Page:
Book of Death #1

It's hard to come up with such a simple yet ominous sounding title for a comic book, but "Book of Death" #1 not only succeeds with the name of the comic but also the story within it. Robert Venditti's story is plenty straightforward, as the Eternal Warrior takes on his usual duties by safeguarding the world's geomancers, even if the one he's protecting now is from the future and carries her own book of death that foretells the demise of the world. It's a grim forecast indeed, if only a possible one, yet it's also morbidly fascinating, as Robert Gill, Doug Braithwaite, David Baron and Brian Reber bring the prophetic words of this tome to life.

At eight pages, this flash-forward is a lengthy look at a grim near future of the Valiant Universe, but it's also the issue's strongest sequence. Gill and Braithwaite don't hover too long over any given character and, in fact, this series of glimpses reads like a movie trailer that sells readers on what's to come. In its few years of existence, the Valiant Universe has become a fairly extensive place, and Venditti peeks into just about every corner of this ever-expanding continuity. Each of these pages bears additional scrutiny; every panel is a tunnel into different characters' futures. Most are grim, yes, but not all, and this variety of moods between individual panels evokes different emotions that take readers on a mood-swinging journey through the future. The darker colors convey a largely darker mood, but Venditti balances this with at least a few glimmers of optimism.

The remainder of Venditti's story, though, is somewhat formulaic and many of the main players lack any kind of real dimension. Gilad's dedication to protecting this girl in the future defines who he is, sure, but here it also makes him appear all too dismissive of the massacres that are occurring all around them due to her presence. When Aric of Dacia confronts Gilad about these countless deaths, it comes across more like macho posturing on his part more so than genuine concern. The present-day portion of the story is strictly linear; the Unity team finds evidence of Gilad's involvement in a disaster and decides to go after their former teammate. There's some dissension cooked up amongst the group to make this pursuit seem more plausible, but there aren't any real twists and Venditti relies on the future sequence to carry the issue.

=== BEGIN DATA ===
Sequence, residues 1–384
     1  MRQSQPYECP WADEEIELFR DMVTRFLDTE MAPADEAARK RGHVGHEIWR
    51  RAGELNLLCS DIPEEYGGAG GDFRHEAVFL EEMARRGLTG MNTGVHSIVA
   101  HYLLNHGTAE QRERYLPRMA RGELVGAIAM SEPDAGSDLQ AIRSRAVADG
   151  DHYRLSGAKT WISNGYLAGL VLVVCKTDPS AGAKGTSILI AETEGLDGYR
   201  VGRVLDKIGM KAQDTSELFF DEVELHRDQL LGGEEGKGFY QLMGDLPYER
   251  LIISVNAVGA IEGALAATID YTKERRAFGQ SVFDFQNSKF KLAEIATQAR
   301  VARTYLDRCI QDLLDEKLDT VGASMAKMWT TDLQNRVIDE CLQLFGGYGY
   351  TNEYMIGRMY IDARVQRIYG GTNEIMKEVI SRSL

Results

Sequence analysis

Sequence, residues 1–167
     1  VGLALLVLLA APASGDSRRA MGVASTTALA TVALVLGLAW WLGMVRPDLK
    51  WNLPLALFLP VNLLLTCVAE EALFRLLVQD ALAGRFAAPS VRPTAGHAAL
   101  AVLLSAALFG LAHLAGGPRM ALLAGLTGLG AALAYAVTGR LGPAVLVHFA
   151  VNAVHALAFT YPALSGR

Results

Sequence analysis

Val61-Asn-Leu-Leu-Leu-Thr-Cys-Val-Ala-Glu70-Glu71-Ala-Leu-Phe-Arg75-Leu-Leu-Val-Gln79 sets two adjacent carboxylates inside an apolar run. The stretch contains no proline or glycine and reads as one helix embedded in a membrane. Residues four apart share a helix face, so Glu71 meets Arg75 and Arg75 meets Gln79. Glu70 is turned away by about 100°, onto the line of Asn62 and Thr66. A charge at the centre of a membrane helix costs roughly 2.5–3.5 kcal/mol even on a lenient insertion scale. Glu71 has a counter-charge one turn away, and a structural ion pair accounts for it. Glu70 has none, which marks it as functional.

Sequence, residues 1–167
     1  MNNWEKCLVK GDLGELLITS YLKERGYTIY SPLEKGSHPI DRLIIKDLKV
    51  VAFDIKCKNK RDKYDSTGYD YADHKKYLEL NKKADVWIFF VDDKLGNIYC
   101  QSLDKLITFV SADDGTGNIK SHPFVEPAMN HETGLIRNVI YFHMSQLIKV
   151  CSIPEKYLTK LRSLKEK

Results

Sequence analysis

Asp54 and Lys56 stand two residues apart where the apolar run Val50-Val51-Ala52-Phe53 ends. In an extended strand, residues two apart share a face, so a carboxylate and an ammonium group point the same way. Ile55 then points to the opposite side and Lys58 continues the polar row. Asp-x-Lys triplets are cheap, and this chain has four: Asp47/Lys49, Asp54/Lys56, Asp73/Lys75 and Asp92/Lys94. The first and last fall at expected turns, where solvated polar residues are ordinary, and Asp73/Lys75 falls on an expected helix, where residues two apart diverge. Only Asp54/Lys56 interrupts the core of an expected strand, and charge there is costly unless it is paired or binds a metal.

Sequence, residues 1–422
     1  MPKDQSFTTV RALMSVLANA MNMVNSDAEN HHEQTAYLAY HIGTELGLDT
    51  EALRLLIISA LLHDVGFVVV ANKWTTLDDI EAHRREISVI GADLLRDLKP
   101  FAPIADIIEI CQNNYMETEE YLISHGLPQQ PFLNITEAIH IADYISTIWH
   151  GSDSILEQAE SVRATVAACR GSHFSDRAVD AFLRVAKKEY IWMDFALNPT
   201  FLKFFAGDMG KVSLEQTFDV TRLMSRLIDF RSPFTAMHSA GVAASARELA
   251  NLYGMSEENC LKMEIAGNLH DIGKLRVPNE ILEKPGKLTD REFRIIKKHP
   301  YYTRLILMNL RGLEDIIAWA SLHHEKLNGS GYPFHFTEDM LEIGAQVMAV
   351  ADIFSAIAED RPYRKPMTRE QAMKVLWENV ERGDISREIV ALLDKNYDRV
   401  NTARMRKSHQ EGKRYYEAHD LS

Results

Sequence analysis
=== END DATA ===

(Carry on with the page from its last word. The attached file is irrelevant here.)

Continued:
Gill and Braithwaite not only bring the future to life, but also make the present day pop. Collectively, their linework isn't unlike that of veteran George Perez; the figures and backgrounds are clean and realistic, but not overly true-to-life. When necessary, the artists rough things up a bit; things appropriately look a lot prettier in suburban North Carolina than they do on the battlefield. Baron and Reber follow suit with much brighter shades in the 'burbs than anywhere else. However, all artists collectively succeed most is in the dichotomy between a horrific slaughter against the backdrop of an otherwise quiet and idyllic neighborhood, as disturbingly displayed in a shock-inducing double-pager that states the nature of an unseen foe without seeming overly gratuitous.

"Book of Death" #1 is an artistically versatile comic that's passably written and driven largely by one sequence, averaging out to make a more-than-adequate introduction to a future that doesn't seem quite so predictable.

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